Gabriel Garcia Marquez Dies; Nobel Prize-Winning Author Was 87

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Gabriel Garcia Marquez, a Nobel Prize-winning author and one of the most respected voices of the 20th century, died in Mexico City.

He was 87 years old.

According to The Associated Press, Garcia Marquez was hospitalized for an infection on April 9 and then released to convalesce at his home.

Over the course of an impressive lifetime, the writer published six novels and seven nonfiction books, along with countless novellas and short story collections.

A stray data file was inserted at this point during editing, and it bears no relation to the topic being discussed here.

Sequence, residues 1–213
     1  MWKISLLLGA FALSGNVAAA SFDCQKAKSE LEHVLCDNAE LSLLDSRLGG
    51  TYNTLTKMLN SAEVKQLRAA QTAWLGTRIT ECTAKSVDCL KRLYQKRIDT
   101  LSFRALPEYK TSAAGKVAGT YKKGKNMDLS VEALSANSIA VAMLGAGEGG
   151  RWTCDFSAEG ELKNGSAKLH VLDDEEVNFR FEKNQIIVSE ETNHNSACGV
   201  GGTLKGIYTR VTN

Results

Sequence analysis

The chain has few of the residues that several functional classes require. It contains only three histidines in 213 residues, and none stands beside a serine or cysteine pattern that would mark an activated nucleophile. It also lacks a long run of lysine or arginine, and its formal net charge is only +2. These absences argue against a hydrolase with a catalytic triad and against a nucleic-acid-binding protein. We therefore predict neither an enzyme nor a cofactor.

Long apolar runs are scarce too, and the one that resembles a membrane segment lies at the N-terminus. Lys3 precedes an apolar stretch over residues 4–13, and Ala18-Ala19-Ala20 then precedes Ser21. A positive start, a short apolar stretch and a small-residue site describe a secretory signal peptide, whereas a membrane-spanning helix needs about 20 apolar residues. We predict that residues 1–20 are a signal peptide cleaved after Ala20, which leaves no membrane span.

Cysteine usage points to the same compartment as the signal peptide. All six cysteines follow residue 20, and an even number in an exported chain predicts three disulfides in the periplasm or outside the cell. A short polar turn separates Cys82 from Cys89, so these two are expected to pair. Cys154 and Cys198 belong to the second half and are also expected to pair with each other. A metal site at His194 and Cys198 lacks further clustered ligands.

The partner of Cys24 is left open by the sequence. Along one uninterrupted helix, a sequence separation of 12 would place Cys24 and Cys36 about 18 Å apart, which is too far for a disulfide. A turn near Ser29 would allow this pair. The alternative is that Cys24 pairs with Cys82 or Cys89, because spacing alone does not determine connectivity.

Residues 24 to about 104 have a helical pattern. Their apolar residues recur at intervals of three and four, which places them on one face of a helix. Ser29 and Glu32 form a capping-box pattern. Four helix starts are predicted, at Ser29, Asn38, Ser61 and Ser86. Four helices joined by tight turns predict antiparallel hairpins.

His most famous novel, "One Hundred Years of Solitude," was inspired by his grandmother. It has sold over 50 million copies worldwide.

A native of Colombia, Garcia Marquez started his career as a journalist, eventually branching into literary nonfiction, mixing in narrative fiction elements to his reporting.

In 1982, 15 years after "One Hundred Years of Solitude" he won the Nobel Prize for Literature.

Three years later, he released another huge hit, "Love in the Time of Cholera," which was made into a movie in 2007 starring Javier Bardem.

Our condolences go out to his loved ones.

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